It was 36 degrees outside. The windshield of the suv was frosted over with ice. i slept with the space heater pointed towards my legs from across the room and it seemed to keep the chill off just enough for comfort. However, now that i was awake, the space heater had to be moved into the bathroom. I placed the heater on the floor facing the shower and slid the bathroom door shut. The water heater provided 8 minutes of hot water at best when the weather was warm. During 40 degree temperatures there were only 2 minutes of warm water and if the weather was in the thirties there was no warm water. The shower would start out cold and when the water in the actual heater was exhausted it would begin pulling from the ground through the well pump, turning the water from cold to icy. Normally, if the weather was 40 or below it prompted me to get up an hour early and boil water on the stove for a bath in my metal tub. However, with a torn ligament in my ankle i knew that this year i would not be able to pretzel myself into the small tub (a bigger tub would be too heavy to lift and carry across the floor to empty following the bath). I had 2 options. I could sponge bathe with a towel or take cold showers through the winter. Being that my job involved a great deal of sweat and jogging over 7 miles by the end of each shift, i didn’t feel that sponge bathing would be sufficient to remove all the grime and the extra strength sport deodorant that seemed to become one with my skin about four hours after application. 2020 had not been a fun year. I realized it was about to get worse. I had a long cold winter ahead of me. The good news was that i had a space heater and a vest and jacket filled with down feathers. Every morning i would get up four hours before it was time to leave for work. I would tend to the chickens and the dogs and get all my morning chores done by lantern light. Then i would place the heater in the bathroom while i cooked and ate breakfast. For half an hour i would sit in the rocking chair watching videos on youtube and playing sudoku on my phone, trying to will myself towards the bathroom to begin the cold shower. Eventually duty and responsibility would trump my desire to be warm and i would gather my clothes and toiletries and prepare to take a shower. Once inside the bathroom i would again stand and procrastinate, psyching myself up for the experience. It would be over soon. Quick shower. Quick shower. I would stand in front of the space heater one last time, soaking in its warmth. When my skin felt it might burn if i lingered any longer i would turn the knob, foot wrapped in ace bandage, and step into the shower. The water was always a stark wake up call. If i had been drowsy i wasn’t any longer. I shampooed every other day so some days the shower just involved soaping, rinsing, and leaving the dratted freezing stall. Other days i had to actually shampoo and condition my hair, turning the water on briefly to rinse each detergent away. When i was finished with the water i could step out of the stall and back into the warmth of the space heater where all would be well again, but during cold weather, nothing good happened in that freezing cold shower stall. Getting myself washed and dressed in the morning became quite the accomplishment. Come sunrise, when i was clean, the chores were done, the animals handled, lunch packed, wearing shoes and putting gas in the car to drive to town in my uniform and name tag, i felt i had already run a marathon and won. I looked forward to winter as a needed break from the wasps, mosquitos, scorpions, and grasshoppers. However, this winter would be just as fraught with difficulty as the spring and summer had been. I told myself there was nothing to be done but keep moving forward and wait for better times. My foot would heal. Covid would likely eventually mutate into something with a different host target, set of symptoms, or level of severity, though it would probably take years, and one day i’d have a hefty salary again and i’d buy the best hot water heater i could find and pay home depot to deliver it and take the old one away. I’d have to clean the house for that occasion so the delivery crew didn’t witness the usual tooth paste grime in the sink, dog hair on the floor, and dust over everything. I frowned at the thought, but it didn’t immediately matter…that would be a task for another year. For now, i’d just have to keep getting up early and using the space heater as a bribe to hop in. I felt like i’d read somewhere that kids in iceland were sent out in the dead of winter in their bathing suits for 15 minutes of recess per day in order to strengthen their immune systems by exposing them to extreme cold in short bursts. I wondered if this winter would strengthen my immune system. It would be a nice side effect, i had to admit.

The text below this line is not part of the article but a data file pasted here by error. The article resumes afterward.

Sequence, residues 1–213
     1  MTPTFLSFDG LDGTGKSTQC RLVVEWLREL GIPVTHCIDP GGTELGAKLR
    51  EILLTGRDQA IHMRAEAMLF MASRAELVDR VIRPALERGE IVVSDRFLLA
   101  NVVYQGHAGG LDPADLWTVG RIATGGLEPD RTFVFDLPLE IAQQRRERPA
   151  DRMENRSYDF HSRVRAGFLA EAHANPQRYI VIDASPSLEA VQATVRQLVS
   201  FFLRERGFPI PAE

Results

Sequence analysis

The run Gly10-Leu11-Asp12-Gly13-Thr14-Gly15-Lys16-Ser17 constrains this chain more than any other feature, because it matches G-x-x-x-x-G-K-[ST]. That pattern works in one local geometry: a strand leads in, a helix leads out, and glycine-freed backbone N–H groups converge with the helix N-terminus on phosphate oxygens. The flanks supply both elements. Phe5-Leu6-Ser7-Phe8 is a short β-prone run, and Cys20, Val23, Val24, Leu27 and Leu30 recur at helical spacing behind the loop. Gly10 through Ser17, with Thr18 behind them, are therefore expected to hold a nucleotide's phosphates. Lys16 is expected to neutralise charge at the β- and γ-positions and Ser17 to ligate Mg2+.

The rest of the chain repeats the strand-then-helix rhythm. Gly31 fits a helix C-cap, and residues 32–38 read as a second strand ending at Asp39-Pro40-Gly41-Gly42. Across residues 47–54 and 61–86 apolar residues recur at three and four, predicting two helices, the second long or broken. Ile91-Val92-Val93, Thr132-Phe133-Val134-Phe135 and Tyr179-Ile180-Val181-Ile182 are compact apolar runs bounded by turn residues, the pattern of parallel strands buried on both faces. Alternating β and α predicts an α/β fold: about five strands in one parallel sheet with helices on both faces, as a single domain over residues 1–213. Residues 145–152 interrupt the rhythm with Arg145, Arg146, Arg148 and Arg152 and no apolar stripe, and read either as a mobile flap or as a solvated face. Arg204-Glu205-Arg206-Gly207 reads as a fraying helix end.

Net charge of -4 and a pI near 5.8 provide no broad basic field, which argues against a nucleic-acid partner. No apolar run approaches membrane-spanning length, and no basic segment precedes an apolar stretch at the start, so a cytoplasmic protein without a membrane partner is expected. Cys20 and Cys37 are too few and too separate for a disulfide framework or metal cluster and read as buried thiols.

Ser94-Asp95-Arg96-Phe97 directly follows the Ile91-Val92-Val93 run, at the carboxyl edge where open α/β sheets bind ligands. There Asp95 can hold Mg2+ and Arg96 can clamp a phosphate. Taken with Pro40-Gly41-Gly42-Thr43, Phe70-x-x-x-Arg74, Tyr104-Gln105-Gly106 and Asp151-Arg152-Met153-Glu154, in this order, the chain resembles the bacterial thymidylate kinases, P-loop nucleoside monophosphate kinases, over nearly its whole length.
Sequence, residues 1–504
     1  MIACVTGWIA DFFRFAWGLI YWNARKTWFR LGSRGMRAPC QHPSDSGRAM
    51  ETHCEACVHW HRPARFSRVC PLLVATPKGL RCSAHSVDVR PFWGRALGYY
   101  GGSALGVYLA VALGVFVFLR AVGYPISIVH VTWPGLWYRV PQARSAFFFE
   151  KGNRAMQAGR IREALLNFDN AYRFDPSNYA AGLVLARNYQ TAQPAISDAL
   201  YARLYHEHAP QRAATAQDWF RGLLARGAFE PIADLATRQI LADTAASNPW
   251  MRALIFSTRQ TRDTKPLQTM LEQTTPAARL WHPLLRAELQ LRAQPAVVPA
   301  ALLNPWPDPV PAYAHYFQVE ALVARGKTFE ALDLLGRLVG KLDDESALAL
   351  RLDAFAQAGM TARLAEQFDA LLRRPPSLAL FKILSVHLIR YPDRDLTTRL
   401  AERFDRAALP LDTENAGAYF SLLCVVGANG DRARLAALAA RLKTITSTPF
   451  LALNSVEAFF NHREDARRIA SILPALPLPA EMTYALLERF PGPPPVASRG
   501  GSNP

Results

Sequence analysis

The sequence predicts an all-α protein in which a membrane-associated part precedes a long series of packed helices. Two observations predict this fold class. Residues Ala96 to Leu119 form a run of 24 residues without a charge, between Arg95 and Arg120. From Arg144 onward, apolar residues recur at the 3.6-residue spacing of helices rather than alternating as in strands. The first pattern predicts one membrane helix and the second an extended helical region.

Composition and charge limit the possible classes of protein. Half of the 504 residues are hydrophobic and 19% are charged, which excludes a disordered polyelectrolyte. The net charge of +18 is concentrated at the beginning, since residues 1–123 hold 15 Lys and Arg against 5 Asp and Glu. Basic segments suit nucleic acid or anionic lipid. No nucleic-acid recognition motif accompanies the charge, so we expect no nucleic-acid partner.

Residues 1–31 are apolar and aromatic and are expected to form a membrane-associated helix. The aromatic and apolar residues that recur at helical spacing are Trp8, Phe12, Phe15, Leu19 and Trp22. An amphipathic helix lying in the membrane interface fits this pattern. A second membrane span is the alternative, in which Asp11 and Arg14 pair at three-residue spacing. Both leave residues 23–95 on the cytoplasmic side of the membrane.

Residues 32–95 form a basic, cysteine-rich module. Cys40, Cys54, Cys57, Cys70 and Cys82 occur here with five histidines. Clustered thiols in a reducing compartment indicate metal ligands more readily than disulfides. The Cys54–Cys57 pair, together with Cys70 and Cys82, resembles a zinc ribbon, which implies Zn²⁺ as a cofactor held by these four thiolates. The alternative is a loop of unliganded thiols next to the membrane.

A Long-Overdue Cleaning